Kind regards,

    • Joe

      Hi Saxamo,

      All of the modelling amps will do what you want to varying degrees. If you want plenty of bass in your drop tunings, I’d be tempted for going for a bigger practice amp, though- maybe a 30w?

      In addition to those listed here, the Blackstar ID:Range is well worth checking out, too- particularly if you are playing drop tunings in heavier styles (though they can turn their hand to most tones…)

      The best bet is to have a listen to some- but as I say, you’d be amazed at the sheer range af tones even modest practice amps can produce now, so you wouldn’t go far wrong with any of these 😉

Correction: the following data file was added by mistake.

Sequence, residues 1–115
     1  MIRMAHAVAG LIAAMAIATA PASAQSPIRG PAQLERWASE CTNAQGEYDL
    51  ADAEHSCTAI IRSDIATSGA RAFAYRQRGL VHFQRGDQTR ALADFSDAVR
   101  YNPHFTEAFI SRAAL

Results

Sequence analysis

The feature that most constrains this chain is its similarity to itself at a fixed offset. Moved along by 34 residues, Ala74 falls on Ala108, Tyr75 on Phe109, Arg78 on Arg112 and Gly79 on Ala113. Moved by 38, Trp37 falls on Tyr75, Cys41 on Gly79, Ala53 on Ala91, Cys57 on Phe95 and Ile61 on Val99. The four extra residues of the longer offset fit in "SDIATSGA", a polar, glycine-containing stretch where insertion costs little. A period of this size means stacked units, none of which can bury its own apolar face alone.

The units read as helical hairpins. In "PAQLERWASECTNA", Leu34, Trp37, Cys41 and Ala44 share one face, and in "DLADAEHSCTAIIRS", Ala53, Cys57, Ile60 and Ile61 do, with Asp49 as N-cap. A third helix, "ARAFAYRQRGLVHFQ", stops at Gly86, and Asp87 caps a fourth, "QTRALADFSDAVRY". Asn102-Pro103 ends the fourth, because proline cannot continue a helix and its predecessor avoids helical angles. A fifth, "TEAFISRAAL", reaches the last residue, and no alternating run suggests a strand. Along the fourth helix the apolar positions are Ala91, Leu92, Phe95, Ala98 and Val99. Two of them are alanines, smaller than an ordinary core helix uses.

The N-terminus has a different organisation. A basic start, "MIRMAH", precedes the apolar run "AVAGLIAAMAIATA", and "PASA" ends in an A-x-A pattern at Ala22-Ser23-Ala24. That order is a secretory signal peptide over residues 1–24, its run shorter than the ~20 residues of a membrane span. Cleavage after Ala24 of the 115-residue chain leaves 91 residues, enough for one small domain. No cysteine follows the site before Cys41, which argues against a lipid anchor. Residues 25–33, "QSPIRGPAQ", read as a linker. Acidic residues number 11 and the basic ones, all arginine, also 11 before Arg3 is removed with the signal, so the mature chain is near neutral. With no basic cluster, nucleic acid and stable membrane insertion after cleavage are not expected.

Hope this helps


  2. Lester Bishop

    Hi there
    I’m looking for a micro amp for my granddaughter,
    being into Ben Bruce ?? Lol
    I’ve been told to look out for a line 6 micro amp as it has many features for that type of music ?